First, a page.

PORTLAND, Maine — A Bath man who refused to share a cell with a black man and flooded his cell at the Cumberland County Jail while being held on federal drug and gun charges was sentenced Thursday to nearly 11 years in prison.
John Byrd III, 23, pleaded guilty in February to conspiracy to possess with intent to distribute a controlled substance, use of a firearm during a drug trafficking crime and possession of a firearm by an individual subject to a protection order.
Because of Byrd’s repeated violation of the jail’s rules, U.S. District Judge George Singal did not impose the standard lesser sentence that applies when a defendant pleads guilty, Assistant U.S. Attorney Craig M. Wolff said Friday.
Under the federal sentencing guidelines, Byrd would have faced two to 3½ fewer years behind bars if the judge had not denied the defendant’s acceptance of responsibility.
Wolff recommended that Singal deny Byrd the lesser sentence that is imposed in a majority of federal cases in which a defendant pleads guilty.
Attached to his sentencing memorandum, the federal prosecutor filed 20 pages of documents that outlined Byrd’s refusals to cooperate with jail personnel. The end result was that Byrd was moved from the medium to the maximum security section of the jail.
Byrd faced up to 10 years on the conspiracy and gun possession charges.
The using a firearm during a drug trafficking crime count carried a mandatory consecutive minimum of seven years to a maximum of life in prison.
Singal sentenced Byrd to three years and 10 months in prison on the drug charge and an additional seven years on the gun charge as it related to the drug conspiracy.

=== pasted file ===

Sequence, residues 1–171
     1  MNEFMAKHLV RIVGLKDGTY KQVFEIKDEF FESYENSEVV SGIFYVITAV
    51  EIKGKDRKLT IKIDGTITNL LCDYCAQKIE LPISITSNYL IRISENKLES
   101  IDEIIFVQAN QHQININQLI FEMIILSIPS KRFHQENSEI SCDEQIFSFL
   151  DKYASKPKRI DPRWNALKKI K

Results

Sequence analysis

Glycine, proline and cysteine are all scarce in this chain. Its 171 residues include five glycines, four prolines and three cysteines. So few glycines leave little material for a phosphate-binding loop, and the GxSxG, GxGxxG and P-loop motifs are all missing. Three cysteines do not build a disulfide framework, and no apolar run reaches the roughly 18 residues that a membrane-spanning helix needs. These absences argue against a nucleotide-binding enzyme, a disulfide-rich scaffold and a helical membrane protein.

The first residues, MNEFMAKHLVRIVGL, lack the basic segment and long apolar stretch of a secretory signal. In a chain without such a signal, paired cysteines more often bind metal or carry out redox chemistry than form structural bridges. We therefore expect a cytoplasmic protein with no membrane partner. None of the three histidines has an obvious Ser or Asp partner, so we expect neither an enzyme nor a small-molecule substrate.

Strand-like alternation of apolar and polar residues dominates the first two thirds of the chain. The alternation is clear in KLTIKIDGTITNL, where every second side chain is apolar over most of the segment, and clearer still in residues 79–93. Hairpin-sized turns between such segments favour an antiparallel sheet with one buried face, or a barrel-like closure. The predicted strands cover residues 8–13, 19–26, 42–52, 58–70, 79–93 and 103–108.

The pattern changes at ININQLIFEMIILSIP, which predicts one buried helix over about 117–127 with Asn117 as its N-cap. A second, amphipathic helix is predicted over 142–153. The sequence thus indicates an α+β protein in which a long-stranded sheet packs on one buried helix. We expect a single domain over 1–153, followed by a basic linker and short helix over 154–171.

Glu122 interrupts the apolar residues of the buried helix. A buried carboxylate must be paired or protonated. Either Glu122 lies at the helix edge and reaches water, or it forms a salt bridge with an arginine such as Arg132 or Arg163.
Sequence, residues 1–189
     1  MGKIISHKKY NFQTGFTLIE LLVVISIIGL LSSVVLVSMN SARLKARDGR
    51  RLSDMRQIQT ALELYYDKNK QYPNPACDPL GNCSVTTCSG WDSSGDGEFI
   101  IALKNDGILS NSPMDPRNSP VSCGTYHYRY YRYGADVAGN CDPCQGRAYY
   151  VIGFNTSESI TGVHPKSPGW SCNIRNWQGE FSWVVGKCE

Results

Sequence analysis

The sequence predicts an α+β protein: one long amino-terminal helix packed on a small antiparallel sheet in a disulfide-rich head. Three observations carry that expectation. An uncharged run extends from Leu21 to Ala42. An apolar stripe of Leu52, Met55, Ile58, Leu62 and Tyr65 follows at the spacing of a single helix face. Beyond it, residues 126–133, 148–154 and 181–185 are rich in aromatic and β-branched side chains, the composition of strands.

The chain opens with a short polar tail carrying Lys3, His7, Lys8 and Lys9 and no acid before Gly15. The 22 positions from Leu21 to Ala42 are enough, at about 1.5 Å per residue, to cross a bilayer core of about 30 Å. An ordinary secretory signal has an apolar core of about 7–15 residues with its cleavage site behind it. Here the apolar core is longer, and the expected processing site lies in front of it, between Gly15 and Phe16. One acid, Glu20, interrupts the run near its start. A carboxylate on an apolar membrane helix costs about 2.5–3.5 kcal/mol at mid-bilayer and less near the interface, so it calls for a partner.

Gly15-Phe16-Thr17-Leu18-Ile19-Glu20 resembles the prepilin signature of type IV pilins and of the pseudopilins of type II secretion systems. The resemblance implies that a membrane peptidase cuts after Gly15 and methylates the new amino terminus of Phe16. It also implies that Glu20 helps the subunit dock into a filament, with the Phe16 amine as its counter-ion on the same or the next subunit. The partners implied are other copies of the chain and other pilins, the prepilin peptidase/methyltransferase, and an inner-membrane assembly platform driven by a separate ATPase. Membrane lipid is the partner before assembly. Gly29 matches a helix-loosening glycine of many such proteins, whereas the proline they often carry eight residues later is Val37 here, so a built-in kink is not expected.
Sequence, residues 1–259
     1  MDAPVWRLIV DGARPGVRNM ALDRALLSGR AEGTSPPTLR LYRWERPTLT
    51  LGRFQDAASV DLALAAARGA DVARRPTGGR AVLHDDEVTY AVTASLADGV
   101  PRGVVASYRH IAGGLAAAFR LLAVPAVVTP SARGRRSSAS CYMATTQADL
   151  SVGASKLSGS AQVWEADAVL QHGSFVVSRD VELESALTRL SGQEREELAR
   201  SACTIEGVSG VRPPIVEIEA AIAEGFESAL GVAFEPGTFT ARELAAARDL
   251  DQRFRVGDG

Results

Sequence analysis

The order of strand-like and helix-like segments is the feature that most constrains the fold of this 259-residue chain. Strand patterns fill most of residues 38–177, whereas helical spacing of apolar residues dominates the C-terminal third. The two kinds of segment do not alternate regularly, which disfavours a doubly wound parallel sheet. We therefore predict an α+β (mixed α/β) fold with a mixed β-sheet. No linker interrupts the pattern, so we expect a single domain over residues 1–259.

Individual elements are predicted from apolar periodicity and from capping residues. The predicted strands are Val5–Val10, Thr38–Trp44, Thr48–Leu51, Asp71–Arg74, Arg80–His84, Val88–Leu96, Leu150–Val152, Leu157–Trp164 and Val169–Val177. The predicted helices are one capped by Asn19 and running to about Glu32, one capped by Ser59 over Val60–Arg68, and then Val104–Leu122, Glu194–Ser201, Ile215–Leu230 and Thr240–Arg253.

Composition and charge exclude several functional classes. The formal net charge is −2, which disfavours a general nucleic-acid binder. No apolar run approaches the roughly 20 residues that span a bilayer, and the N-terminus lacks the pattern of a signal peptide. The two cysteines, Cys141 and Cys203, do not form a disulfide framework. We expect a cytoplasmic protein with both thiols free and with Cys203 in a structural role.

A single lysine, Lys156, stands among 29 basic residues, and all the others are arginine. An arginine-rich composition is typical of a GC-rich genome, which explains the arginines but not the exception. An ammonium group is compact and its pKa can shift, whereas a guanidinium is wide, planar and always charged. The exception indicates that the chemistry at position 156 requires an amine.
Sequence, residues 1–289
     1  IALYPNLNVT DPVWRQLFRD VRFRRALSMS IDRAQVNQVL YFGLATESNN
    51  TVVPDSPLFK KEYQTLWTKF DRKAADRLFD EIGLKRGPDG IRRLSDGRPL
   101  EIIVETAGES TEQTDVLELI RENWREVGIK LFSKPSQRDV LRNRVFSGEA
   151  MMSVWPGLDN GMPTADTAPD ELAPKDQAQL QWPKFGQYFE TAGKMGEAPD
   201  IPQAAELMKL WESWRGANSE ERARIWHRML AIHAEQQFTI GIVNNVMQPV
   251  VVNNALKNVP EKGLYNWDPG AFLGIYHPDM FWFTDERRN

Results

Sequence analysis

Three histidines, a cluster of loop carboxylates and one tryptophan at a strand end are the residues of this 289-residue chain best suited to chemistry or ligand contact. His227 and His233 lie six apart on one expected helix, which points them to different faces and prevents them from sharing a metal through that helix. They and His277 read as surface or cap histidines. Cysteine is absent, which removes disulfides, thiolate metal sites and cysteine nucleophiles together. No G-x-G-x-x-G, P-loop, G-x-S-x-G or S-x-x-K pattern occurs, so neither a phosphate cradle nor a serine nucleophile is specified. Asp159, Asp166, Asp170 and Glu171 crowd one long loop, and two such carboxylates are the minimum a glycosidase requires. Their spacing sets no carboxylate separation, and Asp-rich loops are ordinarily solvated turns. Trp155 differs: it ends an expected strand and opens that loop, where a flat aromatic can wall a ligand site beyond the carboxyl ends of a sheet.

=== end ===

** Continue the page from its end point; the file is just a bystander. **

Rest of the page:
Byrd, Joseph Holland, 25, of Bath and two juvenile males, ages 12 and 16, attempted on Aug. 13 to rob a woman and her boyfriend of Vicodin instead of buying it as they had arranged to, according to court documents.
Information about whether the juveniles were charged in connection with the incident was not available late Friday.
The woman and her boyfriend went to report the incident to the Bath Police Department but fudged the story a bit, saying they were trying to buy “a small amount of marijuana” from Byrd, not sell him painkillers.
“Byrd confronted her about not coming alone and started saying, ‘Where’s my gun? Where’s my gun?’” the complaint said. “She said another person came out of the bushes and pointed a gun directly at [her boyfriend’s] head. She stated she was scared and ran away.”
A Sagadahoc deputy sheriff went to the house where Byrd and Holland were living, according to court documents, and hid in a neighbor’s yard so he could observe the comings and goings at the men’s residence. He allegedly heard people talking about a gun being stolen and the sound of a gun being cocked and dry-fired, that is, fired without ammunition in the chamber.
Officers knocked on the door in an attempt to arrest Byrd, but he would not come outside, according to the complaint. After an hour, Byrd and several other people, including two juveniles, came out of the house. Byrd was arrested.
While conducting a sweep of the residence, officers found Holland hiding inside and a .44-caliber, semi-automatic rifle.
Several days later, the woman admitted she had met Byrd to sell him Vicodin but left with it after the gun was brandished. She is not facing charges.
In a September telephone conversation with his girlfriend recorded at the jail, Byrd allegedly described the incident with the woman and her boyfriend as a “‘drug deal gone bad.’”
Byrd was prohibited from having a gun because the mother of his children had obtained a protection from abuse order, which is in effect until Aug. 6, 2012. Holland’s June 22, 2009, felony conviction for theft prevented him from possessing a firearm.
Singal sentenced Holland last month to a total of six years and 10 months in prison — a year and 11 months on the drug charge and a consecutive four years and 11 months on the use of a gun during drug trafficking charge.